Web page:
Riches knew how to stir up conflict.
While in prison for wire fraud, he had filed thousands of frivolous lawsuits.
Once free, he threw his energy into spreading misinformation, like the time he pretended to be the uncle of Sandy Hook shooter Adam Lanza.
Riches once described his tactics to a reporter: After a high-profile event, like a mass shooting, he might set up social media accounts with fake information, he said.
“Vulnerable, gullible people will see that, they think it’s from a news site and then they will copy it and tweet it out,” he said. “I encourage everyone to basically fight each other.”
In New Port Richey, where he is sometimes based, he researched the personal lives of Black Lives Matter protesters, then posted on Facebook and taunted them at rallies.
Now, he’d set his sights on St. Petersburg.
Videos filmed by a Times reporter had gone viral two nights earlier. One showed protesters walking over a car at a crosswalk and hitting it with a skateboard. In another, protesters sat down at the table of two Parkshore Grill diners after heated comments were exchanged.
St. Petersburg’s racial justice marches were mainly peaceful over the summer. Police had even stepped back and left the streets to the protesters, so they would not crowd sidewalks.
But conservative pundits seized on the videos, and they became the perfect call to action.
“We are here to keep you guys safe!” Riches crowed as he passed by restaurants. Some diners clapped or flashed thumbs up.
A local right-wing blogger, Cathi Chamberlain, marched with him. The video of the protesters bothering restaurant diners had caught her attention. If the police weren’t going to intervene, she decided citizens like her needed to step up.
Scanning the crowd, her eyes settled on Cloud. He looked to her like the protester who sat down at the couple’s table in the viral video — a different man with longer hair and lighter skin.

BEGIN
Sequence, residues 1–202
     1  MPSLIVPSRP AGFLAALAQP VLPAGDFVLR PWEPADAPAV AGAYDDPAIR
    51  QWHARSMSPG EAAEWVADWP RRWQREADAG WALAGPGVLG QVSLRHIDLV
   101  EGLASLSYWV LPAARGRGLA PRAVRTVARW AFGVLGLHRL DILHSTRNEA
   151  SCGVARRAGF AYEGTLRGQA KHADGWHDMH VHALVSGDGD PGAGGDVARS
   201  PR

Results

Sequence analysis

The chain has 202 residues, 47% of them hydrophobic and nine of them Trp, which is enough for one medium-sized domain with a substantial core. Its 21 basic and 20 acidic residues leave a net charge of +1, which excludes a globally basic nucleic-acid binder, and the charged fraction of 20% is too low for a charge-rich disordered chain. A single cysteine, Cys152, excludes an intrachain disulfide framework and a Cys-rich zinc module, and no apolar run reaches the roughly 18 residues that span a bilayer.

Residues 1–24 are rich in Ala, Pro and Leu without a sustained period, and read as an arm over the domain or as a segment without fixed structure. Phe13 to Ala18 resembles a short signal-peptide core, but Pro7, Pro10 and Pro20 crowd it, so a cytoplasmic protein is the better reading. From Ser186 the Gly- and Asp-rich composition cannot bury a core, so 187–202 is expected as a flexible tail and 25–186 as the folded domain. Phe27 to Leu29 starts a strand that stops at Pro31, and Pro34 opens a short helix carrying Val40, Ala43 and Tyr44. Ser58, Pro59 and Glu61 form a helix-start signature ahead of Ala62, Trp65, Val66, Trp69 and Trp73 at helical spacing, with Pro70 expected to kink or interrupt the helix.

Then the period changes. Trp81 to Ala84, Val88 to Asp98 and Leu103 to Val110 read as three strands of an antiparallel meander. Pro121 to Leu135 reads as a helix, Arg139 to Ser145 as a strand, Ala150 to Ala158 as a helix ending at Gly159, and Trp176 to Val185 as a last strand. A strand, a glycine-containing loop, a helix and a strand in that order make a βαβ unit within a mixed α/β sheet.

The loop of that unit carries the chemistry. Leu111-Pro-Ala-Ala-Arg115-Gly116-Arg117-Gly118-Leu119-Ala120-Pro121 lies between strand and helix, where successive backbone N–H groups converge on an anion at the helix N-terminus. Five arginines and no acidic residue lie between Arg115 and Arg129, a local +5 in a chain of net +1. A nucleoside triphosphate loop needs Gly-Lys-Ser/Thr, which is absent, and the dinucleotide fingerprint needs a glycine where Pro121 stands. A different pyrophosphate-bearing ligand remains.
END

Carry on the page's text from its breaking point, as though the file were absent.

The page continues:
“There’s a kid in dreadlocks with a bullhorn,” Chamberlain said excitedly, waving her camera in Cloud’s direction.
‘You can run them over!’
Lawrance English rode his bike at the front of the march. A 30-year-old security guard, he usually took on the job of blocking cars so protesters could pass.
He knew it made him a target and his prominence in the Black Lives Matter movement had already led to run-ins. Earlier in the summer, he punched a man who charged at him during a confrontation. Police questioned English, records show, but decided that video showed he acted in self-defense.
Now, Riches’s group came to meet him at the crosswalks, trying to edge out the protesters while motioning cars to drive through.
“You can run them over. DeSantis said so!” a woman told a driver.
A man in biker gear pressed up against a protester filming the scene, flapping his flag in the camera’s lens.
At one point, Riches trained his phone on Cloud.
“Thousands of people are watching. Do something!” he yelled.
Cloud put his hands together in a prayer and bowed. He made a heart with his hands.
He reminded himself what the protest leaders had said — the faster they finished the march, the less chance for mishaps.
He turned on his megaphone: “Keep moving, keep moving!”